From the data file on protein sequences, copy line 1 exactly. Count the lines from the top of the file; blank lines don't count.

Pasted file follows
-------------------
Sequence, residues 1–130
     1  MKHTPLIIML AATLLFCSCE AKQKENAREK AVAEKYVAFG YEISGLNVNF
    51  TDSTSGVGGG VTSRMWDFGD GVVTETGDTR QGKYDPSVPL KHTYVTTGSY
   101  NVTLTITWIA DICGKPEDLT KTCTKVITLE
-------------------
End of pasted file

Sequence, residues 1–130